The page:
Deena Payne Steps in For Linda Nolan In Our House

Deena Payne Steps in For Linda Nolan In Our House


Actress and singer Deena Payne is to join the UK Tour of OUR HOUSE, following the unfortunate withdrawal of Linda Nolan. Having previously been announced in the role of Kath Casey in the Olivier Award-winning Madness musical, Linda Nolan has withdrawn from the tour following her recent cancer diagnosis. Deena Payne, best known for her role as Viv Hope in ITV’s Emmerdale, will take up the role of Kath Casey along with newly announced cast members Jason Kadji (Joe Casey) and Sophie Matthew (Sarah).


On the night of his 16th birthday, Joe Casey takes the girl of his dreams, Sarah, out on their first date. In an effort to impress her with bravado, Joe breaks into a building site overlooking his home on Casey Street. When the police turn up, a split-second decision forces him to choose between himself and his heart as the story splits in two: one which sees Joe stay to face the music, and the other which sees him flee and leave Sarah to run from the police. As two very different paths unfold before him, the consequences of that choice will change his life forever.

Sophie Matthew, Jason Kadji & Deena Payne (l-r) in Our House 399. Photo by Adam Trigg.jpg

Deena Payne is perhaps best known for her portrayal of Viv Windsor in ITV’s Emmerdale, a role which she played for eighteen years. Having begun her career as a dancer on stage and TV, she went on to work extensively in musical theatre: Cabaret, Only in America (the Roundhouse Chalkfarm), Who’s a Lucky Boy (Manchester Exchange), One Careful Owner, (tour) and the original West End production of They’re Playing Our Song (Shaftesbury Theatre). Following her departure from Emmerdale in 2011, Deena went on to play three tours of Tim Firth’s critically acclaimed stage adaptation of Calendar Girls.


Deena said: “My thoughts are with Linda, and we all send her lots of love at this very unsettling time. Though I know she’d want the madness to continue, and I’m thrilled to take on the challenge. Great songs, brilliant story – a real fun-loving musical!”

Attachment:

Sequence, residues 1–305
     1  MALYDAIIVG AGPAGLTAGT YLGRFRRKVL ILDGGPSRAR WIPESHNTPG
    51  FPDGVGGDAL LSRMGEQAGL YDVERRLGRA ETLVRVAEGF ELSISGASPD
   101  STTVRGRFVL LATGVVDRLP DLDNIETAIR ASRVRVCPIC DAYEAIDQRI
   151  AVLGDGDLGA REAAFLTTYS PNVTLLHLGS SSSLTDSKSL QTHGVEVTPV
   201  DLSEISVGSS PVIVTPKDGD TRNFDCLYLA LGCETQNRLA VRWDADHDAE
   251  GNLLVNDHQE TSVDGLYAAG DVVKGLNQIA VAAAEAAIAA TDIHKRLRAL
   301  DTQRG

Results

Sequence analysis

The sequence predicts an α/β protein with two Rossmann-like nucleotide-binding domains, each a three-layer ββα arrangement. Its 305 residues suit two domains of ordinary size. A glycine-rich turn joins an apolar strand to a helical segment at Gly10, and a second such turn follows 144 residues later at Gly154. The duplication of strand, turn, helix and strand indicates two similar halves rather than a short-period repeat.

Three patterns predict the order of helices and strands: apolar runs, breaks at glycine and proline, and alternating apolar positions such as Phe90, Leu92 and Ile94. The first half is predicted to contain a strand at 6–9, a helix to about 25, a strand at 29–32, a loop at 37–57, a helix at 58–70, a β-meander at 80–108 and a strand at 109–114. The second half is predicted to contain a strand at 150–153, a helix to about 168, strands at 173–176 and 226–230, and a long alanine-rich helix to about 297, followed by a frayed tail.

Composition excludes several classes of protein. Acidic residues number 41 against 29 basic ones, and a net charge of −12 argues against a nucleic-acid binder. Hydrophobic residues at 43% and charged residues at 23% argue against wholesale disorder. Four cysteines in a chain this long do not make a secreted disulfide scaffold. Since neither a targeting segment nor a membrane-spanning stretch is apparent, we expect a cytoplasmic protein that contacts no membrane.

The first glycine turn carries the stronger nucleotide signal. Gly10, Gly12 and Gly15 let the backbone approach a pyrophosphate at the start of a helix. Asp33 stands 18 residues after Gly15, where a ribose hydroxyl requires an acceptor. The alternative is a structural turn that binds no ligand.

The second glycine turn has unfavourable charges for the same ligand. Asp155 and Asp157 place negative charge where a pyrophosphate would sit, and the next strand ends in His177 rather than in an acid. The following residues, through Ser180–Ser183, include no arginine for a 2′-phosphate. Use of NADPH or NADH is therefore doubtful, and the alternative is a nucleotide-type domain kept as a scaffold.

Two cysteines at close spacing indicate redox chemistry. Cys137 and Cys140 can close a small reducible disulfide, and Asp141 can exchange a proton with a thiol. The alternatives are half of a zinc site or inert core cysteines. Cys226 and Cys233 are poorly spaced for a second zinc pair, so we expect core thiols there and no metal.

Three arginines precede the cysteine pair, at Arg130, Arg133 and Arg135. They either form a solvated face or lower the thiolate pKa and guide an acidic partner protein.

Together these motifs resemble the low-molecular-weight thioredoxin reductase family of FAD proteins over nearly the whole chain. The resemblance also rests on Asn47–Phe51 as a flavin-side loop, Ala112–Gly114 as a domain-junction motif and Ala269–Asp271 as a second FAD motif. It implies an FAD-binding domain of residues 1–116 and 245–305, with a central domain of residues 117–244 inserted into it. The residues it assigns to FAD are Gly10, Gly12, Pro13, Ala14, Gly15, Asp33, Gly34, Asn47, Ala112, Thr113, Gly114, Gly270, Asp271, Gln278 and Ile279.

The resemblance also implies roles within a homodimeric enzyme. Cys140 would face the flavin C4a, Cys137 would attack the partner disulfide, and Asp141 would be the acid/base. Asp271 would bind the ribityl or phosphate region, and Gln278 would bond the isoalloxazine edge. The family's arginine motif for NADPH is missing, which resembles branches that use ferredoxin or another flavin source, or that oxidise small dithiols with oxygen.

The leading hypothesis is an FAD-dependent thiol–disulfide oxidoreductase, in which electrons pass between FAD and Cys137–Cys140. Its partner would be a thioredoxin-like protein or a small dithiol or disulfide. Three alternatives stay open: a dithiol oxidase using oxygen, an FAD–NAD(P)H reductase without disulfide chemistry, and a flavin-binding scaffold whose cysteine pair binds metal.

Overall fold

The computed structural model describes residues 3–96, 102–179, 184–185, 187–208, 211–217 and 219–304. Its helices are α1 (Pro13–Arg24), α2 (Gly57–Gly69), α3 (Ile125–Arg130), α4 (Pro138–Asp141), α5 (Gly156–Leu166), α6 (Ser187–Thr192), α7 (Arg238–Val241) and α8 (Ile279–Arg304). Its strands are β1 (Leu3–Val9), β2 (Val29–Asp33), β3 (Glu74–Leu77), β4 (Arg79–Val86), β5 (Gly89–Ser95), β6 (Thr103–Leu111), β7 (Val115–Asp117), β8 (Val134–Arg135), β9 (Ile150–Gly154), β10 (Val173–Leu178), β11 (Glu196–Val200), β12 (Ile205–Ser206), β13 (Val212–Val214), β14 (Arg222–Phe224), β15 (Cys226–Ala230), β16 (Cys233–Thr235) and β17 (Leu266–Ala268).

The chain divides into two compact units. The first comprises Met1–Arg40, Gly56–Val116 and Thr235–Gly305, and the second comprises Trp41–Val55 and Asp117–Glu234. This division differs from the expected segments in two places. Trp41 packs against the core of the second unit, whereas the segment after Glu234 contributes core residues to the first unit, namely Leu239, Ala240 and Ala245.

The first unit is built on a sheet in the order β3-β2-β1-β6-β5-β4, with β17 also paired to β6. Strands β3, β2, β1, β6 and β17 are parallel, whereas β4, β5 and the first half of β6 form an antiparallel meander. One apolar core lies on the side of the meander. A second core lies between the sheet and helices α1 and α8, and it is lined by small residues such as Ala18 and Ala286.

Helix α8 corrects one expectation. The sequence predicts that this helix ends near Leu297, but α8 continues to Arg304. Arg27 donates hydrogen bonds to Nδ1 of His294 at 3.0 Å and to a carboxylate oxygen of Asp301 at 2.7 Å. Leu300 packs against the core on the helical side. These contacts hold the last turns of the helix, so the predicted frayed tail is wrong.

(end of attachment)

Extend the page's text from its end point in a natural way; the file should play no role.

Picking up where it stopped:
Taking a starring role as Joe Casey, Jason Kajdi is currently appearing as Ernest (and first cover for Bert) in the international stage tour of Mary Poppins. His other theatre credits include West Side Story (Kilworth House), 27: The Rise of a Falling Star (The Cockpit) and the European premiere production of Lin-Manuel Miranda’s 21 Chump St. (From Page to Stage 2016).

Sophie Matthew makes her professional stage debut in the role of Sarah, having previously starred as Ginny in Channel 4’s critically acclaimed drama series Humans. Her theatre credits include Fast Film Noir (TheSpace, Edinburgh Festivals) and Magic of the Musicals (Royal Albert Hall, 2016 & 2017).

OUR HOUSE was first staged at the Cambridge Theatre in London’s West End from October 2002 to August 2003 and won the 2003 Laurence Olivier Award for Best New Musical. This tour will be directed by Immersion Theatre’s James Tobias and choreographed by the resident choreographer of Matilda The Musical, Fabian Aloise.


OUR HOUSE UK 2017 Tour Dates

Thursday 10 – Saturday 12 August

01270 368242

Crewe, Crewe Lyceum                                                                                             


Monday 14 – Saturday 19 August

0114 249 6000

Sheffield, Lyceum                                                                                                     


Tuesday 22 – Saturday 26 August

01492 872000

Llandudno, Venue Cymru                                                                                       


Tuesday 29 August – Saturday 2 September

01934 645544

Weston-super-Mare, The Playhouse                                                                  


Tuesday 5 – Saturday 9 September

01507 613100

Skegness, Embassy Theatre                                                                                  


Monday 11 – Saturday 16 September

01684 892277

Malvern, Festival Theatre                                                                                      


Tuesday 19 – Saturday 23 September

01424 462288

Hastings, The White Rock Theatre                                                                      


Tuesday 26 – Saturday 30 September

0844 871 7648

Glasgow, King’s Theatre


Tuesday 3 – Saturday 7 October

01792 475715

Swansea, Swansea Grand Theatre                                                                      


Monday 9 – Saturday 14 October

01253 625252

Blackpool, Winter Gardens                                                                                    


Monday 16 – Saturday 21 October

01262 678258